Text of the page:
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Calculating the Life Cycle Cost of Your Compressor System


When the need arises to replace an existing air compressor or to purchase an air compressor for a new facility or application, there are several factors that should be considered before making the purchase. Aside from space requirements, flow capacities, noise levels, and other application-based parameters, a major factor that should also be considered is total life cycle cost! When purchasing or upgrading a system, you should try to find a balance between the upfront purchase cost and the long-term associated energy and maintenance costs, though of course the final decision is dependent on your business’ unique needs and requirements.  

What is a Compressor’s Life Cycle Cost?  

A life cycle cost analysis (often abbreviated as LCC) is a comparison tool that is utilized to compare different systems and products; in relation to compressor systems, the LCC is used to evaluate different compressor system options in order to provide guidance on what each option’s potential total investment will amount to. Keep in mind that the LCC is a bit limited, in that it can’t account for unexpected costs or business growth, etc., but is a very useful way to establish a baseline for making an educated decision on which compressor installation would be most beneficial for your company to invest. 

How Do I Calculate the Total Life Cycle Cost of My Compressor? 

There are a few ways to determine the life cycle cost of a compressor system, but one the most common is this simple formula:  

Life Cycle Costs = (Initial Investment) + (Lifetime Maintenance Costs) + (Lifetime Energy Costs) 

Each of these three factors (initial capital expenditure, maintenance costs, and operating costs) play a significant role when calculating the total life cycle cost of a new compressor. We explore each below:  

  1. Total Purchase Price. The total purchase price is usually just a small part of the total life cycle cost. It’s important to note that just because a compressor might have a much lower purchase price, that doesn’t mean that it will cost less over its lifetime. A higher initial cost may benefit you, if the associated costs of maintenance, upkeep, and energy usage are lower in the long run. You also shouldn’t forget to include installation costs in the original purchase price. These costs may include electrical wiring, air and water piping, and foundation requirements and can vary depending on the type and model of compressor being selected.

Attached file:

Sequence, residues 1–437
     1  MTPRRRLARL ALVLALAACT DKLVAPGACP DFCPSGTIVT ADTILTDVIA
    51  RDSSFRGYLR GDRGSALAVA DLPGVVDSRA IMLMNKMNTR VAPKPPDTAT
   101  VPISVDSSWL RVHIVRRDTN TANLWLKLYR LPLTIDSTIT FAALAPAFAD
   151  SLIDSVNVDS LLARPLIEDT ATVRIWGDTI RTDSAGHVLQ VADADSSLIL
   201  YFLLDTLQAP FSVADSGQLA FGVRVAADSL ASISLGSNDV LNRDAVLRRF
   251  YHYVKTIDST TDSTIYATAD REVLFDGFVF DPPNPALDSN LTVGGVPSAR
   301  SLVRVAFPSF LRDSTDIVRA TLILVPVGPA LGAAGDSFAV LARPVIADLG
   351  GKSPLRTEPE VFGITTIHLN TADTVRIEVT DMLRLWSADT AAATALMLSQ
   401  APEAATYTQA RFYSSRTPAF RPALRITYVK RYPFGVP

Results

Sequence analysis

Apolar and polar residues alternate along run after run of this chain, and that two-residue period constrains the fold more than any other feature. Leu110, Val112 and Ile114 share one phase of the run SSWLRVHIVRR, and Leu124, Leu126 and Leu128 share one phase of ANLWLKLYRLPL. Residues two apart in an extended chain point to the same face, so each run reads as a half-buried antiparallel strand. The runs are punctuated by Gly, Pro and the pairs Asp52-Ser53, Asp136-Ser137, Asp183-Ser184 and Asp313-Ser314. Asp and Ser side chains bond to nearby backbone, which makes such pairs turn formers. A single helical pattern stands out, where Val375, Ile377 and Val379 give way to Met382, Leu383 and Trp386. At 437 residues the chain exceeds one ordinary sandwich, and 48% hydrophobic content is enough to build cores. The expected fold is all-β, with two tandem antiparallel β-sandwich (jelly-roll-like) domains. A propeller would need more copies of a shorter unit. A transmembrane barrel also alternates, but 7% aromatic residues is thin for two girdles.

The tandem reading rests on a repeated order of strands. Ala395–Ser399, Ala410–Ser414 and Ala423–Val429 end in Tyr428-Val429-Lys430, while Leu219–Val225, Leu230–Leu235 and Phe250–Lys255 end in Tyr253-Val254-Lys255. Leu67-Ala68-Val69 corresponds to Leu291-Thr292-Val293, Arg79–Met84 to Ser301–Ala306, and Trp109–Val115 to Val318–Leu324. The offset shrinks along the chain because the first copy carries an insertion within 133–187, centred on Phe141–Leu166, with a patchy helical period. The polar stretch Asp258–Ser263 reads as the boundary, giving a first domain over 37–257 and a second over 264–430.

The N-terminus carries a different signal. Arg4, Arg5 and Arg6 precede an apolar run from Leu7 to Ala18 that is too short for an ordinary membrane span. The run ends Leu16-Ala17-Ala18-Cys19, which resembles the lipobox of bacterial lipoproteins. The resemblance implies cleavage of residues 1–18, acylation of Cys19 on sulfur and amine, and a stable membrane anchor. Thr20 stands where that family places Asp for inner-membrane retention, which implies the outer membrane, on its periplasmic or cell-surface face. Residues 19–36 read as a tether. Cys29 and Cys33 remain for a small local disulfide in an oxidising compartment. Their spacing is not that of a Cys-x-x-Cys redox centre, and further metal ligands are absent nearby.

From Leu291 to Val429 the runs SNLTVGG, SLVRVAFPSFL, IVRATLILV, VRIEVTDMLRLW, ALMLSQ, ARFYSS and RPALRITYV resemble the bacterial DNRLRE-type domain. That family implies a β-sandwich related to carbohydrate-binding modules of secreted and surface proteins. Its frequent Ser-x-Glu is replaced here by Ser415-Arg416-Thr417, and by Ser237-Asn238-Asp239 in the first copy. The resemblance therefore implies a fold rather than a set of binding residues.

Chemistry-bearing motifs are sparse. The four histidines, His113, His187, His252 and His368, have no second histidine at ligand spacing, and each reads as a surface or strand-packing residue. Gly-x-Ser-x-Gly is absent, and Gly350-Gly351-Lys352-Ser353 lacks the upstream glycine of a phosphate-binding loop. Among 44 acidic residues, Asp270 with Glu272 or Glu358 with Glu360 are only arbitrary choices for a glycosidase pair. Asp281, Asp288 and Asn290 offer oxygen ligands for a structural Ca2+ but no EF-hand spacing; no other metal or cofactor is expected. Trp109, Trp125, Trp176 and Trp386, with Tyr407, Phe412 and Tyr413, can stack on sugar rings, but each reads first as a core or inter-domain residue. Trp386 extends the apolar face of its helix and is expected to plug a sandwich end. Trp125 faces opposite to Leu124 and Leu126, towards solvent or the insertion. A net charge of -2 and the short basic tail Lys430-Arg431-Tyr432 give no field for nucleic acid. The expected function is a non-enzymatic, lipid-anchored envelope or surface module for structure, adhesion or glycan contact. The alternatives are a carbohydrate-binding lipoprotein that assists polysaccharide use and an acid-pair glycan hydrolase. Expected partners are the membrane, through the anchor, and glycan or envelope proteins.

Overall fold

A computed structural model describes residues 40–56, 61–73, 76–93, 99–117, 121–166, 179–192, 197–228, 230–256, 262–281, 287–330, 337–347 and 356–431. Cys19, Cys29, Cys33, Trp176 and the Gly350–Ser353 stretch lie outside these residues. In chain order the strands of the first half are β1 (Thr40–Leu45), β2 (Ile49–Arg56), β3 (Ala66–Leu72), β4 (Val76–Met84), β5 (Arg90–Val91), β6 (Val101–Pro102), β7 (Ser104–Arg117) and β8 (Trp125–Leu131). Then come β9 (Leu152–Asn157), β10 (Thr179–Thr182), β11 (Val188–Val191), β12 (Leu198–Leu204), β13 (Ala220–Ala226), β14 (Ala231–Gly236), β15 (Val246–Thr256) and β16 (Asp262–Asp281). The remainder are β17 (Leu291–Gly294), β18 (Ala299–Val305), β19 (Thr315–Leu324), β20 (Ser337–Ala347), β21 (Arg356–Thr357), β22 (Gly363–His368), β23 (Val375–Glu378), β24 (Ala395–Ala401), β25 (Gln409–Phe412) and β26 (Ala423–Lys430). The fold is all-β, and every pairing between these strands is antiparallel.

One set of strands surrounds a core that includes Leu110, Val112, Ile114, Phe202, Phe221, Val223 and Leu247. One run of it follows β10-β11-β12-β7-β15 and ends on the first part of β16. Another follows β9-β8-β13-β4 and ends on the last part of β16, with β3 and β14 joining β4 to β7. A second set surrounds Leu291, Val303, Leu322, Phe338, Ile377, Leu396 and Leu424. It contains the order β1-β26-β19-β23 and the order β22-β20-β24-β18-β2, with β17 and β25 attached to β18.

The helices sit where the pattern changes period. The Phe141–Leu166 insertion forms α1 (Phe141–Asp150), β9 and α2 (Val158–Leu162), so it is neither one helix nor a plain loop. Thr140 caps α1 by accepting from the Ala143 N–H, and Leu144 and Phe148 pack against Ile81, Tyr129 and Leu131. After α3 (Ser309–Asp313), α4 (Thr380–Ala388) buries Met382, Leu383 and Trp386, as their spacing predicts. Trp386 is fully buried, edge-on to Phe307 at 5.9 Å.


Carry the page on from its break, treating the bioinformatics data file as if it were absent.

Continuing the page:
1. Maintenance Costs. Maintenance costs can vary greatly. They include both labor and parts required to not only keep the compressor running, but to keep up with required maintenance schedules. You should also take into account whether maintenance will be taken care of in-house, or if this will be outsourced to a local compressed air provider. Different manufacturers have different recommended service intervals and component lifetimes, which can have a huge impact on how much money is spent to maintain the compressor over its lifetime.  
  1. Energy Efficiency. The energy efficiency of a compressor could potentially save tens of thousands of dollars annually on the electrical costs to operate the unit. Such savings can pay back the purchase price difference in a matter of months, not to mention the savings will be ongoing. It is possible that by the end of a compressor’s life the energy savings will have paid back the entire purchase price of the compressor! 

While there are many factors to consider when purchasing a new compressor, choosing a compressor with the lowest life cycle cost can have the biggest impact on your company’s bottom line. Learn more at www.atlascopco.com/air-usa 


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